CRL gathers and provides information here about commercial and open access digital resources of interest to the CRL community. This information is intended to inform library decisions on investment in electronic resources and related services.
For many, thoughts of the 1980s in the UK conjure images of the miners' strikes, Freddie Mercury at Live Aid, and the Royal Wedding, likely accompanied by a soundtrack of enduring pop classics.
But the 1980s is not only a pop culture treasure-trove, it was also a transformative decade socially, politically, and technologically.
The first module of Adam Matthew Digital's newly-published Mass Observation Project: 1981-2009 resource allows historians and social scientists to explore how the events and changes of the 1980s, both large and small, impacted the everyday lives of those living in Britain at the time.
Since its founding in 1920 as the Royal Institute of International Affairs, London-based Chatham House has been a leading center for policy research on international affairs. In 2013, an online searchable database integrating a large extent of Chatham House’s publications and archives was made available for the first time. Gale Cengage released the first module of The Chatham House Online Archive, covering the years 1920–79, in 2013. The second module, covering the years 1980–2010, is slated for release in late spring 2014.
World Scholar Historical Archive: Latin America provides access to 1.3 million pages of primary and secondary sources from Latin America from the 15th century to present day.
It includes:US State Department records on Argentina, Bolivia, Brazil, Dominican Republic, El Salvador, Cuba, Guatemala, Haiti, Mexico and more Conquistadors: The Struggle for Colonial Power in Latin America, 1492-1825 Newspapers and journals from Latin Ameria and more
Caribbean Studies in Video: The Banyan Archive provides access to more than 1,100 hours of both edited programs and unedited footage from Banyan Productions in Trinidad & Tobago.
Founded in 1974, Banyan Productions provided entertainment programs in the Caribbean. It featured a mixture of documentaries, drama and music entertainment, and social commentary for, about, and by the Caribbean people.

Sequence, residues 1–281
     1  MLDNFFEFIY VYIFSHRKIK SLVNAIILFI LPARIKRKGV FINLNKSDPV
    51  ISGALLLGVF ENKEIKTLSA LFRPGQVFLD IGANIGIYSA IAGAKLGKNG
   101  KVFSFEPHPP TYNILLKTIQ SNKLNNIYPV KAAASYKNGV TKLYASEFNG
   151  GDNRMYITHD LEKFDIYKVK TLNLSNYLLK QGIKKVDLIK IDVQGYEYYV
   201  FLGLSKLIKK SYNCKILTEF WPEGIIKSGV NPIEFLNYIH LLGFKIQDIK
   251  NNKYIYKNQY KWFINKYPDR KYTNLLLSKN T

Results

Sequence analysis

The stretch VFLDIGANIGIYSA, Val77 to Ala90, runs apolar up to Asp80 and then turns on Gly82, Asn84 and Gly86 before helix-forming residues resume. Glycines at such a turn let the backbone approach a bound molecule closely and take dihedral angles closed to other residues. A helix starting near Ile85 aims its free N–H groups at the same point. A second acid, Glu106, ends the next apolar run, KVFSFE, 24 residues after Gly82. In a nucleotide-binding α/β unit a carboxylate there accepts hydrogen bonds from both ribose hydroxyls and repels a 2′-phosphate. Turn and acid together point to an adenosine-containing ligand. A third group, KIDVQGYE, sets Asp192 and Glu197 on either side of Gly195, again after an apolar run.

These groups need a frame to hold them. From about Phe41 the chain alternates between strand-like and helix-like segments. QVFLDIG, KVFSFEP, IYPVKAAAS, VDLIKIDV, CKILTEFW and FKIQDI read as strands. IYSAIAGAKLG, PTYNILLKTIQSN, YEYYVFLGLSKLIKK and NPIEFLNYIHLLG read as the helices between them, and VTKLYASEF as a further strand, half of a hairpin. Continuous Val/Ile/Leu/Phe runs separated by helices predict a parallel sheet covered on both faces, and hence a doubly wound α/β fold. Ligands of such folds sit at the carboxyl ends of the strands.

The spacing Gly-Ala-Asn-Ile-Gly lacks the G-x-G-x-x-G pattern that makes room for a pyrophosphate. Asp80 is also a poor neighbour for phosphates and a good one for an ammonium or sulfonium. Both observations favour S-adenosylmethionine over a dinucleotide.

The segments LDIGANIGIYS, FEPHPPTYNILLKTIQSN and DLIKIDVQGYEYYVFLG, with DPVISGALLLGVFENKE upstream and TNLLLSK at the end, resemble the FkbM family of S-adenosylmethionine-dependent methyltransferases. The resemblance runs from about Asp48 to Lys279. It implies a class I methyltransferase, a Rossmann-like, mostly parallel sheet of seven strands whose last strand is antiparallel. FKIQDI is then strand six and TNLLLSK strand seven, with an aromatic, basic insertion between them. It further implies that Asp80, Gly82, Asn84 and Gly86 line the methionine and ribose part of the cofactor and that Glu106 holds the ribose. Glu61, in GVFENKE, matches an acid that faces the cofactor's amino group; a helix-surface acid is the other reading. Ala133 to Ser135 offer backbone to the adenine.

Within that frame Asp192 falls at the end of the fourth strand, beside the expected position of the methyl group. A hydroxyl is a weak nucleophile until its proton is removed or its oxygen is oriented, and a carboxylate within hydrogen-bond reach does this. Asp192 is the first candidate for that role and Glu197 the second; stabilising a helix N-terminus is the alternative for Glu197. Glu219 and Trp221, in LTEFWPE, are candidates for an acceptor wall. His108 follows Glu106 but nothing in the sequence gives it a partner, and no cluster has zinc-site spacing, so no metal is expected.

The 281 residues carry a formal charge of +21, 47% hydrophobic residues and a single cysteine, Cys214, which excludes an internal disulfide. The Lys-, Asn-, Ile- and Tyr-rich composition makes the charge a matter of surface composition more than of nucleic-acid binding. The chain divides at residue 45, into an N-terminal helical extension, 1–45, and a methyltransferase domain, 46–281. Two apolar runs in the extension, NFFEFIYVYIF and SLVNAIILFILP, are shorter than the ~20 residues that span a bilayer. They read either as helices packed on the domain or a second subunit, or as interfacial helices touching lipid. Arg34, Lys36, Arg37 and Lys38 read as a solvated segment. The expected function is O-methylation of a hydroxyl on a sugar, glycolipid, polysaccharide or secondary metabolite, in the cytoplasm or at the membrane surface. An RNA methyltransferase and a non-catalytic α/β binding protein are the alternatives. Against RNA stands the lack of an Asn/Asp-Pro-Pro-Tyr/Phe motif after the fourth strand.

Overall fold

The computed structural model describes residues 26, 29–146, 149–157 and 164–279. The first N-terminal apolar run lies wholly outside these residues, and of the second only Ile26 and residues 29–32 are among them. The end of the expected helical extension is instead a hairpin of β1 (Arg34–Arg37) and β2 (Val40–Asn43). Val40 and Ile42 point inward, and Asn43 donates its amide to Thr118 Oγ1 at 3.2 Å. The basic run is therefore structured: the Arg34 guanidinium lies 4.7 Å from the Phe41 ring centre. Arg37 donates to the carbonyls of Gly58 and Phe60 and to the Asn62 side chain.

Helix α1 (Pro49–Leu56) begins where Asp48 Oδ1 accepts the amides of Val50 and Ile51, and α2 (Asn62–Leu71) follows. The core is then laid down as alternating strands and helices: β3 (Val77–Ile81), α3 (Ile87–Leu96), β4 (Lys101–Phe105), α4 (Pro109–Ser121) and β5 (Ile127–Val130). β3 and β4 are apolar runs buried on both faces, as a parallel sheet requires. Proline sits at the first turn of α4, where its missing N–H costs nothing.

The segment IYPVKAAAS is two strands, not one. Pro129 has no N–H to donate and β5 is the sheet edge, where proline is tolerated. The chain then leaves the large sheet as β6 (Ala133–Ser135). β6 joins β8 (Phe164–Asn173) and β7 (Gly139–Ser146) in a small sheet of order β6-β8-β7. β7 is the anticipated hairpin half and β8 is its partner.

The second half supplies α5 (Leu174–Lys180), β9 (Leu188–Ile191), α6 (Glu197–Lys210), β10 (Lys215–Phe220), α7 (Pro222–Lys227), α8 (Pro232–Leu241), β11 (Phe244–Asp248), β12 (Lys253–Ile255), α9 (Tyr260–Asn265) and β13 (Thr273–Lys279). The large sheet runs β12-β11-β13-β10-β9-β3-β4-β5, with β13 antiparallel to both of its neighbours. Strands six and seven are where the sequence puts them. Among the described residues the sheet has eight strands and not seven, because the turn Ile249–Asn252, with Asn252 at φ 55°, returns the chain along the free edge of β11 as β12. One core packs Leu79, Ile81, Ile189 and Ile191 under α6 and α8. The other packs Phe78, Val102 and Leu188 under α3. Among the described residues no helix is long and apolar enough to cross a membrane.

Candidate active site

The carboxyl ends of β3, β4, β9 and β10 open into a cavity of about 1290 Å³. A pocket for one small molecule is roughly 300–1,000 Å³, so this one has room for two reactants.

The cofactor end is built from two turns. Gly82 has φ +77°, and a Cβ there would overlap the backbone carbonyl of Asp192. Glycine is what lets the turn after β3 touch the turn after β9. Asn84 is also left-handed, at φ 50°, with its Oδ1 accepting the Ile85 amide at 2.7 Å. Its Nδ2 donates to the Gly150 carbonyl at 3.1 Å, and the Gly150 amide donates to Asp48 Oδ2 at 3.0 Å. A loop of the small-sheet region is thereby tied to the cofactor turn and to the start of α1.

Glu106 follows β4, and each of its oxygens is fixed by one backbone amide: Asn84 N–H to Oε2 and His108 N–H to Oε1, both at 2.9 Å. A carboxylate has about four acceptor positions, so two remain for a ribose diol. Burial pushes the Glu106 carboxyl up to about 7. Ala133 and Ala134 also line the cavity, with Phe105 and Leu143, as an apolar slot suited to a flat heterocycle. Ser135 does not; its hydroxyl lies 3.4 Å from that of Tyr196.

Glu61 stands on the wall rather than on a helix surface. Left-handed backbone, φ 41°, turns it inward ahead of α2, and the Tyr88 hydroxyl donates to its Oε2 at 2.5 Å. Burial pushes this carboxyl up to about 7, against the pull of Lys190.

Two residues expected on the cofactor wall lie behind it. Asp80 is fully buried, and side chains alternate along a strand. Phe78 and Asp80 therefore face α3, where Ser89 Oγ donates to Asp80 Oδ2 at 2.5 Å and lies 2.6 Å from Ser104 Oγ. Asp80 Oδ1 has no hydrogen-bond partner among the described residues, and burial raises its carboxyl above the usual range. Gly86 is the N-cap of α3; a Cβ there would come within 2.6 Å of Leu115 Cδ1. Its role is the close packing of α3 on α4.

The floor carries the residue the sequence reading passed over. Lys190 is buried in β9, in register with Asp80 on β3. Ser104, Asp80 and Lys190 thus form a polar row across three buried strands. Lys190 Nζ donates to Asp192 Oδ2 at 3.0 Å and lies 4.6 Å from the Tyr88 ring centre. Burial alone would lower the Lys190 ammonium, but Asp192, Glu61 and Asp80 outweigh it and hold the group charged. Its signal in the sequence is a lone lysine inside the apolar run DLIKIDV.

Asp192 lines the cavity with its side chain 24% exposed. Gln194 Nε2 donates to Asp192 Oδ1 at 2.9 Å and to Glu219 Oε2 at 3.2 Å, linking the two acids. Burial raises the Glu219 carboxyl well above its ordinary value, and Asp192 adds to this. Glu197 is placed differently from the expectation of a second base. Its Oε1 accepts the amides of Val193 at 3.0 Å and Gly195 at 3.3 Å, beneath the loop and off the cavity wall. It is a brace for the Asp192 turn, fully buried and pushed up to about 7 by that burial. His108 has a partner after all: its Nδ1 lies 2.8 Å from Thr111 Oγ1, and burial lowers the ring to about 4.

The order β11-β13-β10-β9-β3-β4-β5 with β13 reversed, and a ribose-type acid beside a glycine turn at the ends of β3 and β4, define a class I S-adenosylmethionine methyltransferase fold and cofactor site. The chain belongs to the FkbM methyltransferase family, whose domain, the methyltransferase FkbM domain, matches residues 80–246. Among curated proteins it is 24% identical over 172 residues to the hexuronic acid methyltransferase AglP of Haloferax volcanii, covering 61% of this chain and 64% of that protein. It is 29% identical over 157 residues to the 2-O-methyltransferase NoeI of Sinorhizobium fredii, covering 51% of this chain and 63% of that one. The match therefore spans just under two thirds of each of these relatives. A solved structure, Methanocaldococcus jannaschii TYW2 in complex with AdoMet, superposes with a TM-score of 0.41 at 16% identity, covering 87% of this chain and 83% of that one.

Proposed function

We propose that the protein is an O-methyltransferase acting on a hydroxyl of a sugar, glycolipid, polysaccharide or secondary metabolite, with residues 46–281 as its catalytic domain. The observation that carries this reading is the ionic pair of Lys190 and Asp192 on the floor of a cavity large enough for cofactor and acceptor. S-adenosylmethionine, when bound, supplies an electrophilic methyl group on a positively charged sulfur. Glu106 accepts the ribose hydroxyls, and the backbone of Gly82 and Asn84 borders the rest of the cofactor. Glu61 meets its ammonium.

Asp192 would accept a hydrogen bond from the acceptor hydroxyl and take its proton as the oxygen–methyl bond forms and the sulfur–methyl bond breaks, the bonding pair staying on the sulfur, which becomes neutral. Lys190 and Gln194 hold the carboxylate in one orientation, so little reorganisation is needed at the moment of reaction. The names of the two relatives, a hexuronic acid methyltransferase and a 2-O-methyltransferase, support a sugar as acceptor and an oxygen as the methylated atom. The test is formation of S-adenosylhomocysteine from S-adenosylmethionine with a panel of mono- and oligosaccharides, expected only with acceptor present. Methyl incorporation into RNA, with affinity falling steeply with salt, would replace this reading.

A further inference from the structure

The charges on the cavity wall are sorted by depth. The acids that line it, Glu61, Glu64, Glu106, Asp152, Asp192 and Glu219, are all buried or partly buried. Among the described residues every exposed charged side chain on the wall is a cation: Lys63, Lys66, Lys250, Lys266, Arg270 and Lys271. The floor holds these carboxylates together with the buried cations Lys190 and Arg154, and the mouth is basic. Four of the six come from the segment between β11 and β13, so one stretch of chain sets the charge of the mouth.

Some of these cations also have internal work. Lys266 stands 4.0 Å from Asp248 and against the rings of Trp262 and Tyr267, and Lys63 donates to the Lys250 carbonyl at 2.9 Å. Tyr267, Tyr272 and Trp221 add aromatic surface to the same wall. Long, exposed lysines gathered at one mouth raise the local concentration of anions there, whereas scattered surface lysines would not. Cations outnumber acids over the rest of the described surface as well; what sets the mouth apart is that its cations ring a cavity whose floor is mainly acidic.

The 60 Minutes: 1997-2014 collection from Alexander Street Press provides access to the CBS News archives from this period. This online collection provides 350 hours of high-definition videos from 17 years of broadcasts, and includes 175 hours of bonus segments from the CBS News program Sunday Morning.
In partnership with Alexander Street Press, Docuseek2 provides exclusive educational streaming access to more than 800 films from Bullfrog Films®, Collective Eye Films, Icarus Films (including The Fanlight Collection and dGenerate Films), Kartemquin Films, KimStim, the National Film Board of Canada, and Terra Nova Films.
Women's Wear Daily was founded on July 13, 1910 and it has often been referred as the "fashion bible," providing business news and trends impacting the fashion and retail industry.
At completion, Food Studies Online will contain 80,000 pages of primary archival materials, images, reference materials, and secondary works, in addition to 200 hours of food-focused documentaries. Content has been licensed from a variety of producers, including Berghahn Books, Wiley, Green Planet Films, and the Prendismo Collection.
Human Rights Studies Online from Alexander Street Press provides access to primary and secondary materials across multiple media formats and content type for selected events, including Armenia, the Holocaust, Cambodia, Bosnia-Herzegovina, Rwanda, Darfur, and more than 30 additional subjects. It includes extensive, comparative documentation, analysis, and interpretation of major human rights violations and atrocity crimes worldwide in the 20th and early 21st centuries.
The Gilded Age collection brings together 53,000 pages of full text, photographs, songs for listening online, and other primary materials, along with video interviews and twenty-five critical documentary essays. Each documentary essay poses an interpretive question and then illuminates it with dozens of annotated primary documents, introductions, and essays. The critical documentary essays have been created by leading scholars in the field, including Samuel Thomas of Michigan State University, Christopher Reed of Roosevelt University, Kim Warren of the University of Kansas, and Daniel Thorp of Virginia Tech.
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